Base Notes: Sandalwood, Musk

One of those scents that just seem to sing on the skin, Trésor is a love letter to seemingly effortless sophistication. The rose shimmers with light, dancing across the fuzzy velvet of soft apricot skins and succulent peach to a luminous heart of white flowers dusted with powder and a smooth, long-lasting trail of creamy musk. For those seeking even more luminescence, the Trésor eau de toilette radiates freshness atop a wonderfully milky leather base; and the La Nuit Trésor smoulders with black rose, ripe raspberry and smoky frankincense.

Each one has a delightful story to tell on the skin, but we have so loved hearing Isabella’s own story of the fragrance, first-hand…

Lancome Trésor £54.50 for 30ml eau de parfum
Try it at lancome.co.uk

Written by Suzy Nightingale

We’ll meat again… Puperami: the meat-scented spray luring back lost dogs

We’ve reported previously on all manner of weird and wonderful novelty fragrances (from gravy-scented candles to perfume that smells of pizza or blue cheese), but (thankfully) this latest Peperami-infused one is not meant for humans…

Following news of a missing dog – who survived two days without food and water after falling into a hole, and was apparently lured out with the smell of a salami stick – Peperami have announced plans for a prototype pork-scented ‘Puperami: Eau De Lurette’. The idea being that people whose dog has gone missing will be able to lure their own missing pups by spraying the scent in and around the local area, in hopes of the dog catching a meaty whiff and reappearing.

The story goes that owners Sarah Adams and Declan Kemp from Edinburgh had been walking their five-year-old dog, Coco, in their local park at about 10pm when he ran off. Despite the pair’s desperate attempt to search for the Pekingese Cross, they could not find her and ‘feared the worst’.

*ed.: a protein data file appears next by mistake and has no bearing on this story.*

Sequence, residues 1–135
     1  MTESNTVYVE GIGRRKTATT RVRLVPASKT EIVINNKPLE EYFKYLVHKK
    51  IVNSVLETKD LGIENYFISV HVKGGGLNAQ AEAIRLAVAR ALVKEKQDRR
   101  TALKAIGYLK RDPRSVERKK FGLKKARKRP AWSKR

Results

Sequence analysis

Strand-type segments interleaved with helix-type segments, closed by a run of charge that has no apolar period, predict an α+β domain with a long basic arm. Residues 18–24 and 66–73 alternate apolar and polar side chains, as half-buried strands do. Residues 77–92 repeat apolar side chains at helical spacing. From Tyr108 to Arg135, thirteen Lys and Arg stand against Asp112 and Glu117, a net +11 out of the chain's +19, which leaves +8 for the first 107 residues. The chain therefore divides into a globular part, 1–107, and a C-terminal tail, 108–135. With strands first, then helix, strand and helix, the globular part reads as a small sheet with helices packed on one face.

The couple took to social media to upload a post about their missing furry friend, which was shared thousands of times. Coupled with the help of search and rescue dogs and locals, Coco was found two days later.

‘On the day of rescue, Sarah and her partner set off around 8am to search for their pup, taking a piece of Peperami with them in the hope that she would smell it and start barking.

It ended up being the pawfect solution, with Coco sniffing out the meaty snack and making small whimpering noises, before locating her stuck down a sewage hole over five foot deep.

Pulling her out by the scruff of her neck, the pair then called the Scottish Fire and Rescue Service to alert them of the dangerous ditch, who then shortly arrived with fire service personnel to cover the hole with logs.’

A spokesperson for Peperami said; ‘We’re thrilled to hear that Coco has been found safe and sound, thanks to the help of Peperami. Although our pork snacks aren’t suitable to be digested by dogs, we’ve been inspired by the story and looking into how we can replicate the same smell of our original salami stick in spray form. The ‘Puperami: Eau de Lurette’ prototype will aim to help future dog-owners find their furry friends.’

For those of you clamouring to stock up on the porky perfume, we must sadly report that the press release states ‘…although anything is paw-sible, as the product has only entered initial stages of development, a price nor timeline has been set defining when it will become available at re-tail stores.’ So your meaty fragrance dreams will just have to wait, for the moment…